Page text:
“I know that a lot of people find appeal in the things Donald says because he says what people wish they could say,” Mr. Rubio said. “The problem is presidents can’t just say anything they want, because it has consequences here and around the world.”Mr. Trump’s temperament, a subject of deep anxiety among Republican Party leaders, came under scrutiny: He was challenged over his statement on Wednesday that “Islam hates us,” but he kept his quick temper in check and responded with a minimum of defensiveness.
On the same day that footage emerged of an individual at a Trump rally punching a protester, Mr. Trump said of the episode, “I don’t like it,” adding that “they have anger that’s unbelievable.”
“There’s also great love for the country,” he said. “It’s a beautiful thing in many respects. But I certainly do not condone that at all.”
Mr. Cruz seemed to mock his vague tough talk, saying at one point, “The answer is not simply to yell ‘China bad, Muslims bad.’ ” But Mr. Trump, again, did not respond in kind.
Mr. Trump had the air of a winner, noting that he was set to receive an endorsement on Friday from a former rival, the retired neurosurgeon Ben Carson, and suggesting that more voters were taking part in the Republican primaries than ever because of him.
“They’re voting out of enthusiasm; they’re voting out of love,” Mr. Trump said, a rejoinder to news reports about violence breaking out at his rallies. “We are going to beat the Democrats, we are going to beat Hillary or whoever it may be, and we’re going to beat them soundly.”
The debate spotlight fell in a new way on Mr. Kasich, who has emerged as a major obstacle to Mr. Trump’s sweeping next Tuesday’s primaries.
While the two men barely sparred, Mr. Kasich did look for subtle opportunities to present himself as a strong, conservative executive with experience balancing budgets and tackling foreign policy challenges. When Mr. Trump tried to defend his remarks calling the Chinese government “strong” when it violently ended the democracy movement in Tiananmen Square in 1989, Mr. Kasich forcefully differed.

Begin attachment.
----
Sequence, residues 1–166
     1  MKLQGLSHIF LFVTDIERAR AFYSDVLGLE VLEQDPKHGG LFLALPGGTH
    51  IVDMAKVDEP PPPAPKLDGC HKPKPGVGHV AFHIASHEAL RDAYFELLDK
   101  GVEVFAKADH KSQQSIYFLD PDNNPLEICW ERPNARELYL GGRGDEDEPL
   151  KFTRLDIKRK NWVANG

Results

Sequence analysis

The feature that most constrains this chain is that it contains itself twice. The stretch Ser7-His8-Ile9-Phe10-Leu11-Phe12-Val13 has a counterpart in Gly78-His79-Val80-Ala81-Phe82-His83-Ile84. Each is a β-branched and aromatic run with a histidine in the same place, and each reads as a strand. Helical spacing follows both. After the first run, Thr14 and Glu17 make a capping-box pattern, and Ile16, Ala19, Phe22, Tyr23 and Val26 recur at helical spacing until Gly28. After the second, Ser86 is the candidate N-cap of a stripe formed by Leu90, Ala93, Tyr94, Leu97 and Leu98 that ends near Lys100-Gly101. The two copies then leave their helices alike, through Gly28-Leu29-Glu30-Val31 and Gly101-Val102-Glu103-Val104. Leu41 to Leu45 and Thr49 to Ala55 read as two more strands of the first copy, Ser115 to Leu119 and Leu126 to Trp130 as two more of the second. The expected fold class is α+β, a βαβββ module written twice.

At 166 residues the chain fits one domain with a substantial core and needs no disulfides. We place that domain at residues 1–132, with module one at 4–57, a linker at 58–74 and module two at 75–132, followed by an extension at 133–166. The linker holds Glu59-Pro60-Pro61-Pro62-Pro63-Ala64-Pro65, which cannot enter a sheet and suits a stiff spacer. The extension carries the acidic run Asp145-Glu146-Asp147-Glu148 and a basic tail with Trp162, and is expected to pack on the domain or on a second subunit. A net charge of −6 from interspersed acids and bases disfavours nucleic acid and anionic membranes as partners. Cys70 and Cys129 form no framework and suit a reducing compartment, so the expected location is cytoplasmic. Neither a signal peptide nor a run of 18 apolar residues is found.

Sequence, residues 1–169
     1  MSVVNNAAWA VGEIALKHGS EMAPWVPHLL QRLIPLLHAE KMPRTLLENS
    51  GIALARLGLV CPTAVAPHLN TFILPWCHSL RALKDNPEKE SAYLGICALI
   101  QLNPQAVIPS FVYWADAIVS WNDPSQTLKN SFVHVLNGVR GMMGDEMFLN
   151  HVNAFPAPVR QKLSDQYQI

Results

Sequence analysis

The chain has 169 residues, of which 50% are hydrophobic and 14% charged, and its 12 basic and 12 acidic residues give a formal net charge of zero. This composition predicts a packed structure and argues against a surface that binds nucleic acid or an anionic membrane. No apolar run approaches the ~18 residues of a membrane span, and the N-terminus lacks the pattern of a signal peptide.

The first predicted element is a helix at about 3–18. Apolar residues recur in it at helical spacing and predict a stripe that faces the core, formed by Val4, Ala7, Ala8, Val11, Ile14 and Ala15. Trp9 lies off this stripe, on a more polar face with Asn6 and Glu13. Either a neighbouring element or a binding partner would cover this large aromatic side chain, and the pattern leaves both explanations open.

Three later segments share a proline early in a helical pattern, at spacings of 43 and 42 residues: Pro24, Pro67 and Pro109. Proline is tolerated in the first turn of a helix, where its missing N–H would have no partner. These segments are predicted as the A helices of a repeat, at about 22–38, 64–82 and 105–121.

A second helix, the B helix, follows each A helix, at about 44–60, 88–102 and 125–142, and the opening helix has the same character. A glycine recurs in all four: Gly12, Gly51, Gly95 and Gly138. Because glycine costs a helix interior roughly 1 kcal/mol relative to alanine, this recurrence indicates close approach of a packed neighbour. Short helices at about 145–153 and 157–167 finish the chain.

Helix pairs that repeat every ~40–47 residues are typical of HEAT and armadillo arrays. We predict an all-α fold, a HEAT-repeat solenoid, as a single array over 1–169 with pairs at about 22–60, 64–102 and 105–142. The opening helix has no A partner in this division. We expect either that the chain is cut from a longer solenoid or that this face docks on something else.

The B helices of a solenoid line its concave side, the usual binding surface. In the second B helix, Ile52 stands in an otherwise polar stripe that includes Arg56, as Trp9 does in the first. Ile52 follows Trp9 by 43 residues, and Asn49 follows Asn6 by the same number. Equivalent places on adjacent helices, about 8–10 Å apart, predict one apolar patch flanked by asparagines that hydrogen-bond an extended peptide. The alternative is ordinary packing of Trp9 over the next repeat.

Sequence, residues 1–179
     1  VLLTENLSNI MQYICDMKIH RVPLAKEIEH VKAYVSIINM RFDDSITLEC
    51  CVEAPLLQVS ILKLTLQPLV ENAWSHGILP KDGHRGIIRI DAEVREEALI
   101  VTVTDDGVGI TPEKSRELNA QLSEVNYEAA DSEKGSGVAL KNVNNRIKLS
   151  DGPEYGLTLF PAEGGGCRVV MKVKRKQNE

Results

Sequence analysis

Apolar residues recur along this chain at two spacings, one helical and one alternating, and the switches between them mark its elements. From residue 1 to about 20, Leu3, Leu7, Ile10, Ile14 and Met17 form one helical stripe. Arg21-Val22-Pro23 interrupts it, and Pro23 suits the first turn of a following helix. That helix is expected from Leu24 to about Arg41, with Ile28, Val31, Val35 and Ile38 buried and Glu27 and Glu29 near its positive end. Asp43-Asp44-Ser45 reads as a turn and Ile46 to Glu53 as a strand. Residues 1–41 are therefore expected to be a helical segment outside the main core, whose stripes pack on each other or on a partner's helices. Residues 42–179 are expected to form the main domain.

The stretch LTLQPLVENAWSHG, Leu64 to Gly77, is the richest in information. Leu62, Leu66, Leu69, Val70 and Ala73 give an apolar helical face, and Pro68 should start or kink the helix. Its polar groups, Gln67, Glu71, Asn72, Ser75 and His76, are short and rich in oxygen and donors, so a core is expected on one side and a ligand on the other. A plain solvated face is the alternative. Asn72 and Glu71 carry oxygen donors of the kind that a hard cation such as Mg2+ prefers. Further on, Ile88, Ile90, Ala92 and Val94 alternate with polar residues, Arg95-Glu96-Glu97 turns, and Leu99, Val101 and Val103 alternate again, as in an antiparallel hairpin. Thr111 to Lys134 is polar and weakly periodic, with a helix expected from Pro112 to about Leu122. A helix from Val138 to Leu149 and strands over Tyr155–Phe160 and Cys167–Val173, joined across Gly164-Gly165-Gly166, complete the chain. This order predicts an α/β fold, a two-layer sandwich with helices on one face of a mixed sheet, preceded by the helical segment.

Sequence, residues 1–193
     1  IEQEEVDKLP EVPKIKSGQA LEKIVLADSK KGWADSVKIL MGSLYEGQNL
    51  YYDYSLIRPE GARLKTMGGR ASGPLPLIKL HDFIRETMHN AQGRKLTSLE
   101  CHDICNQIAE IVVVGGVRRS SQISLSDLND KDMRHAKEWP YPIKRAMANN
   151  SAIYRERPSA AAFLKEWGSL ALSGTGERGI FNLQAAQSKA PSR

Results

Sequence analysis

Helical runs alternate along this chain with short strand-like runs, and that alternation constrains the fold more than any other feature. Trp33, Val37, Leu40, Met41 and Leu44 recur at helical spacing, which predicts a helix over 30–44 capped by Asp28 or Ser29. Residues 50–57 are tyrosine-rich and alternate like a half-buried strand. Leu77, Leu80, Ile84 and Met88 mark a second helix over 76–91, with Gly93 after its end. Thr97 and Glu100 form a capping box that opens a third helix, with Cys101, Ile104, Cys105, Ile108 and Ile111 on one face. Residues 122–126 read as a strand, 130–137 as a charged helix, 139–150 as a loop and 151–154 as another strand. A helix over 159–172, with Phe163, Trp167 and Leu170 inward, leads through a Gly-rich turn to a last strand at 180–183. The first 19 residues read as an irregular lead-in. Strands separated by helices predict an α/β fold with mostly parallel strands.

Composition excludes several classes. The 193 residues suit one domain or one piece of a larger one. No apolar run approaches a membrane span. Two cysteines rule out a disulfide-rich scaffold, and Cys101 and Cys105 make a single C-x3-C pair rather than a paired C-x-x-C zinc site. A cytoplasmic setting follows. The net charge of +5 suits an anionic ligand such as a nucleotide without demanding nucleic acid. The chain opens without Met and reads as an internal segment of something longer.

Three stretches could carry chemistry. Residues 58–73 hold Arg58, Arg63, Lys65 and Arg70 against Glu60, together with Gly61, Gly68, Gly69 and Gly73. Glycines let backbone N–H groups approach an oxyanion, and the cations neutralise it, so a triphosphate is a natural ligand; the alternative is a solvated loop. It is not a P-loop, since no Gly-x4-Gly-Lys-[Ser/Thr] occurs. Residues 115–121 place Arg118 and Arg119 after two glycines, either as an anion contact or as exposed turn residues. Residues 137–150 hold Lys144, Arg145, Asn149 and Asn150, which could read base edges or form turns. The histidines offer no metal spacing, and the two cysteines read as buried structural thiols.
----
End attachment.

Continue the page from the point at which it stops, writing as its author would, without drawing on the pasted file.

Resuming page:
“I think that the Chinese government butchered those kids,” he said, “and when that guy stood in front of — that young man stood in front of that tank, we ought to build a statue of him over here when he faced down the Chinese government.”
Mr. Rubio and Mr. Cruz, who have been fierce adversaries for months and are now facing off in Florida, where they both have family roots, had moments where they teamed up against Mr. Trump. They were especially hard on him over Israel, challenging him over his comments that he would be a “neutral guy” in negotiating the conflict between Israel and the Palestinians.
While Mr. Cruz spoke fiercely on Israel’s behalf, perhaps mindful of Jewish voters in Florida, Mr. Rubio was more polite toward Mr. Trump, suggesting that perhaps he misunderstood that being neutral could undercut Israel’s interests and security.
Mr. Trump insisted that Israel would be an “absolute priority” for him but that his focus would be to broker a historic peace deal between Israelis and Palestinians and to be an arbiter at the negotiating table.
“Very, very pro-Israel, nobody is more pro-Israel, but I would like to give it a shot,” he said.
Mr. Trump’s commanding victories on Tuesday in Mississippi and Michigan underscored the durability of his candidacy and gave him a lift after he suffered a pair of losses and closer-than-expected victories last weekend. But he netted only 15 more delegates on Tuesday than Mr. Cruz.
With less invective flying around, Mr. Trump talked more about policy than he has in past debates. He said he would do “everything within my power” not to harm the financial stability of Social Security. He excoriated Common Core standards and said he would minimize federal influence over education. And, demonstrating once again how he is obliterating the old rules of Republican politics, he proclaimed, days before a Florida primary, that he generally agreed with President Obama that the embargo on Cuba should end.
“After 50 years, it’s enough time, folks,” he said.
Mr. Rubio and Mr. Cruz heatedly denounced what they described as appeasement of the Castro government, drawing applause from the pro-embargo local Republican audience. But Mr. Trump was unmoved.
“I’d make a deal” with Havana, he said, “but it’s got to be a great deal.”